Have you ever gotten suckered into buying more in order to get an incentive or reward? Me, too. Here's what I learned. #reward #incentive #shopping #bargain #minimalist

“Purchase just $12.99 more and receive your free reward!” my online shopping cart informed me.

I looked at my cart, it contained what I needed, nothing more. But the lure of something free waved like a red flag in front of a bull. I found something else that I’d probably need in the future, and added it to my cart. A new message popped up.

Have you ever gotten suckered into buying more in order to get an incentive or reward? Me, too. Here's what I learned. #reward #incentive #shopping #bargain #minimalist

“Congratulations! We’ve added your free reward to your cart.”

My body pinged with excitement. Something free! Yippie! I moved the mouse toward the checkout button, and another message popped up.

“If you buy 79.99 or more today, you’ll receive a free cleaning caddy, a $15.99 value!”

Oh, boy. The cleaning caddy would look wonderful on my bathroom sink. I clicked to their sale page. Maybe I could find some gifts for other people. I like to have gifts on hand, just in case I need a hostess gift or something unexpected comes up.

Before I knew it, my cart had the requisite dollar amount and my friendly shopping cart informed me that I’d gotten my reward.

I looked at the total and cringed. When I started my shopping experience, I had three specific items in mind—and together they cost $15.

Instead of clicking the buy now button, I went to my cart and removed everything but the three items I really needed. Immense satisfaction warred with bargain hunter’s regret as I saw my rewards disappear. I checked out before I could change my mind—the reward of living with less hovered over my shoulder, affirming that I’d made the right choice.

The True Reward

Face it. We all love to receive a reward. Advertisers and marketers offer rewards all the time—and we fall prey to buying more to receive something of value. Even if the value doesn’t justify spending more.

For too many years I’ve fallen for false rewards—buying more than I need in order to receive an incentive. I have a box of Creative Memories scrapbooking supplies to prove it. But as I grow closer to Jesus, I find it easier to just say no.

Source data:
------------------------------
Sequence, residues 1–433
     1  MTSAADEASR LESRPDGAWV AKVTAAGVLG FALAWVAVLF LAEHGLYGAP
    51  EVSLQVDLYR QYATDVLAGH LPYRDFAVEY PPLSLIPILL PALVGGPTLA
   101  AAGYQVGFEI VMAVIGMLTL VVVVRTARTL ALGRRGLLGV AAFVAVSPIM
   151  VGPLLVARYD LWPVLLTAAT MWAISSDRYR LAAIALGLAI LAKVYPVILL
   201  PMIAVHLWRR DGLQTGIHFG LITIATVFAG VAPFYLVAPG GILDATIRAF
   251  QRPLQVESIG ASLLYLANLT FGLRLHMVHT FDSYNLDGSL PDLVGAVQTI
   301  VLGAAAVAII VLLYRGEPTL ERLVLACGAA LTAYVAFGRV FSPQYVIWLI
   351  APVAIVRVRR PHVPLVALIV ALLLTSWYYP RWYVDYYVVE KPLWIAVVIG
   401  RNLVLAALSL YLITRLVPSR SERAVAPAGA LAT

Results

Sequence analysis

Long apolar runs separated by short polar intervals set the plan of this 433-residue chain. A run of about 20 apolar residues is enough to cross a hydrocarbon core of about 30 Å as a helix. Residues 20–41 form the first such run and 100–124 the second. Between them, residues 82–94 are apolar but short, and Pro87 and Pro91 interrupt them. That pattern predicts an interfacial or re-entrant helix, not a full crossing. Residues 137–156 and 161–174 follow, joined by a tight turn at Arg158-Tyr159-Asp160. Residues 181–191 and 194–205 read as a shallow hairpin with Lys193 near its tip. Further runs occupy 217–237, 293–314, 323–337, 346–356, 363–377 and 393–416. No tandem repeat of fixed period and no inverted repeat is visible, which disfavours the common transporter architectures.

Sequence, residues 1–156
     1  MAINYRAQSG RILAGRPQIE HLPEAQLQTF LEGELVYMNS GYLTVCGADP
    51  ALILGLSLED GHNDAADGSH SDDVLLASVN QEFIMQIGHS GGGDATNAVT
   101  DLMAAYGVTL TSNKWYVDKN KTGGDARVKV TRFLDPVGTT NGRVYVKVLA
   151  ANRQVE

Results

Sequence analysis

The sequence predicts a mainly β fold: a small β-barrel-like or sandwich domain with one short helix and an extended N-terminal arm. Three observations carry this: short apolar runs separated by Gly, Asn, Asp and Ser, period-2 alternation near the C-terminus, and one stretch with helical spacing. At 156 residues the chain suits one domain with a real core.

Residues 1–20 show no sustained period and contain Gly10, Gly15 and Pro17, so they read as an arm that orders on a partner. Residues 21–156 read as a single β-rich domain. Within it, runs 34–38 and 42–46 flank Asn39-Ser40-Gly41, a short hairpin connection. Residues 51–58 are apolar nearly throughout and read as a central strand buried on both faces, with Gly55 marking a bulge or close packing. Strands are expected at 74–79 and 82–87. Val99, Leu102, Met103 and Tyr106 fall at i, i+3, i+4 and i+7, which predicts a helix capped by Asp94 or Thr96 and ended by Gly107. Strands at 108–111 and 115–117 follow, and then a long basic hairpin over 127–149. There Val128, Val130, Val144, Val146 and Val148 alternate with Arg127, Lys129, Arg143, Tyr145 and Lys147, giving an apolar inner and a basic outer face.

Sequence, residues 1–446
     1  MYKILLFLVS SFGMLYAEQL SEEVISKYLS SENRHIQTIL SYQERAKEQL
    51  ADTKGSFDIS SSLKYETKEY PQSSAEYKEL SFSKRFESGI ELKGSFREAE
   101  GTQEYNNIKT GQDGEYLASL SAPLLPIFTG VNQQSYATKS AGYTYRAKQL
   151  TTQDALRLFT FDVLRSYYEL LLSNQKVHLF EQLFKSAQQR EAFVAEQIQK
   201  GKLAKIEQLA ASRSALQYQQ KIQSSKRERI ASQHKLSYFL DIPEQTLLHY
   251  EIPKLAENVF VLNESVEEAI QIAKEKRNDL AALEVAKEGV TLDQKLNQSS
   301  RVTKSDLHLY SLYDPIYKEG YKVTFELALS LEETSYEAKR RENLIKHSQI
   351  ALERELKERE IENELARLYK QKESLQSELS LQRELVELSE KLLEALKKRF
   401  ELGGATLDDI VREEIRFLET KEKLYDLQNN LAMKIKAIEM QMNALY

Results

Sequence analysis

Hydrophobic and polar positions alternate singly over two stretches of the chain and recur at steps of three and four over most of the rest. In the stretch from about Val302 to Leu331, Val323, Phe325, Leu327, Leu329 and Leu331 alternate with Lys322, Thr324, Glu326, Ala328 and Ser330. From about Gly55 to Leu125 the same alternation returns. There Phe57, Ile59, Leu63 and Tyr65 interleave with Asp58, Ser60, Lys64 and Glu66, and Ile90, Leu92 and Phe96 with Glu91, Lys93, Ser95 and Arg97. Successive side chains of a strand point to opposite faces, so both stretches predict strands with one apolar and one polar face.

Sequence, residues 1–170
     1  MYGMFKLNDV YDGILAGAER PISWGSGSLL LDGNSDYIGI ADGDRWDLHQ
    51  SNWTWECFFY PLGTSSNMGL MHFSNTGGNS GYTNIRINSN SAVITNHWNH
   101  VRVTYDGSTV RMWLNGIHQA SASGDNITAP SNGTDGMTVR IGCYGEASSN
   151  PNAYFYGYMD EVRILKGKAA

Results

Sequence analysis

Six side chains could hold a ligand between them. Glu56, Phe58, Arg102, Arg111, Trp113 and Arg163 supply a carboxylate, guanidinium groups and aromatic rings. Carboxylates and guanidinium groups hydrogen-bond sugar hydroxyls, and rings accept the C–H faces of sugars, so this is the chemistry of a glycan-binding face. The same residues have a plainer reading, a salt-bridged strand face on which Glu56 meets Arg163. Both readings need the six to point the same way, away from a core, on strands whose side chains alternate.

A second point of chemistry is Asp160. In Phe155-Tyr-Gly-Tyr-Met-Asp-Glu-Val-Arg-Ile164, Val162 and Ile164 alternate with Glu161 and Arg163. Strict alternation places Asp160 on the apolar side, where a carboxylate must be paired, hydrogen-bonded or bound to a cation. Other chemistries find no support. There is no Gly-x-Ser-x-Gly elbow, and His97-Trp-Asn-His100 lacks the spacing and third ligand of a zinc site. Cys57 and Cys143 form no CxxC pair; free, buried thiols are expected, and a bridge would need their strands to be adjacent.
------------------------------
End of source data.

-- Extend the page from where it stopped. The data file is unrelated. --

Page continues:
No to false promises that achieving shopping rewards will make me feel fulfilled. Passing up on sales and promotions that only entice me to spend more. Bypassing bargains for things I don’t really need. Cutting down on clutter by giving away and repurposing instead of buying more.

The more I understand the character of Christ, the more I understand what he meant in Luke 6:35 when he said:

But love your enemies, do good to them, and lend to them without expecting to get anything back. Then your reward will be great, and you will be children of the Most High, because he is kind to the ungrateful and wicked.


The only reward that really matters is inclusion in God’s kingdom. If I trip myself up on thinking I need rewards here on earth, I might miss out on the bigger reward awaiting me.

How often do we focus on little rewards and forget to strive for the prize? #reward #fmfparty Click To Tweet

What about you? Do you struggle with incentives and rewards that flash and blink?


  1. Those free rewards can so easily pull us in. I’m just as guilty. Yes the only reward that matters is inclusion in Gods kingdom. We aren’t always good at including all Gods people though. Im glad God sets a much better example.

  2. Oh, this is just so true. I got a 30% off coupon just yesterday for a favored store. I was so tempted to go see what I could get and then realized that I could save the most by not shopping. I so honor the way you connect your thoughts in your posts. You make me think…

  3. What a great post! I am finding that I like living with less. It wasn’t always that way though! Those 30% off coupons got me every time! Things can take our eyes off the most important reward can’t they! This is such a great reminder Anita!

  4. Oh my! I fall prey to this, too. But, having recently moved a couple times and cleared out carloads of junk, I know it feels good to live with a little less. Good for you for going back to your original three items! It reminds me–recently Louis and I went to Costco with the intention of buying THREE things there. And somehow we emerged a half hour later with only THREE things in our cart. It was like a miracle! 😉

  5. Your post reminded me of the Casting Crowns song, “Only Jesus.” Thank you for this encouraging reminder to focus on eternal rewards.

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Anita Ojeda

Anita Ojeda juggles writing with teaching high school English and history. When she's not lurking in odd places looking for rare birds, you can find her camping with her kids, adventuring with her husband or mountain biking with her students.

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